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Students protest repression at Berkeley campus

Published Apr 18, 2010 9:18 PM

University of California-Berkeley students, faculty members and community supporters turned out April 5 in the pouring rain on Sproul Plaza, the birthplace of the Free Speech Movement in 1964, to support nearly 100 students facing suspension for their participation in student protests last fall. They held a spirited rally despite the poor weather.

WW photo: Judy Greenspan

“When they threaten us with suspension, they threaten our right to protest on this campus,” stated Marika Iyer, one of the Wheeler 33, students who were arrested after taking over Wheeler Hall Nov. 20, to protest dramatic tuition hikes and campus worker layoffs and furloughs. According to Iyer, the protest was a direct response to plans to privatize the university. Iyer called for the “reinstatement of the public on our campus.”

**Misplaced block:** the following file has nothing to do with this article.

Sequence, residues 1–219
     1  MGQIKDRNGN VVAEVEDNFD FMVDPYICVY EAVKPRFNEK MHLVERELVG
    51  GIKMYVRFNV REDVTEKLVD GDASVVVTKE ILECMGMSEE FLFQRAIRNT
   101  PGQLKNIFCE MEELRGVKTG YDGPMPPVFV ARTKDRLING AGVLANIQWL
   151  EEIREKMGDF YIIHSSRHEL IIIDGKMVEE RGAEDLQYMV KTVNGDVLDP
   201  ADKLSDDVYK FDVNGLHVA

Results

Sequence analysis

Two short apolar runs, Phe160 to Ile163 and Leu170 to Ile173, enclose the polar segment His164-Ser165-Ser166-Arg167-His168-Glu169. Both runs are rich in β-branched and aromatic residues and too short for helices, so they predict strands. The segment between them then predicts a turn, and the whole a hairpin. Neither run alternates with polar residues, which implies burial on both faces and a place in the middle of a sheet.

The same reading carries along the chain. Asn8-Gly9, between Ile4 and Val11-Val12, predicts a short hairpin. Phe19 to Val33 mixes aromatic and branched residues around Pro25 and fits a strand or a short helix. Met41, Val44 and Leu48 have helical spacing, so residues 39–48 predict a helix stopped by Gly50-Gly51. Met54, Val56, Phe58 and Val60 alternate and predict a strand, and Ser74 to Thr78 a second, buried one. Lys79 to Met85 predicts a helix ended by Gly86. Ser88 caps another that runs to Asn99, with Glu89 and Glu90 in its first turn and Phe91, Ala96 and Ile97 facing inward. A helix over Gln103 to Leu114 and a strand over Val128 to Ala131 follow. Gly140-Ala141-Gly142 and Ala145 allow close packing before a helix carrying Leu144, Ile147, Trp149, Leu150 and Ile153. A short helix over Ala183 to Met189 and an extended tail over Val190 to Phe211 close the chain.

Many more students were arrested throughout the fall for other protests. According to Amanda Armstrong, a graduate student and member of the Wheeler 33, some students were arrested for “posting literature on walls and windows near the Free Speech Movement Café.” Armstrong pointed out the latest fee hikes and wage cuts amount to a direct assault on working people. “And that is why we refuse to suspend our protest.”

Also at the rally were university clerical and maintenance workers who have been hard hit by the furloughs and layoffs. Several professors and lecturers also addressed the demonstrators. Professor Joi Barrios (shown here speaking), a lecturer in Filipino studies, compared the “courage and tenacity” of students in the Philippines with the protestors at UCB.

The UCB Office of Student Conduct is recommending seven-month suspensions for the student protestors. A growing coalition of organizations is demanding that all charges be dropped and that the “student code” be suspended — not the students.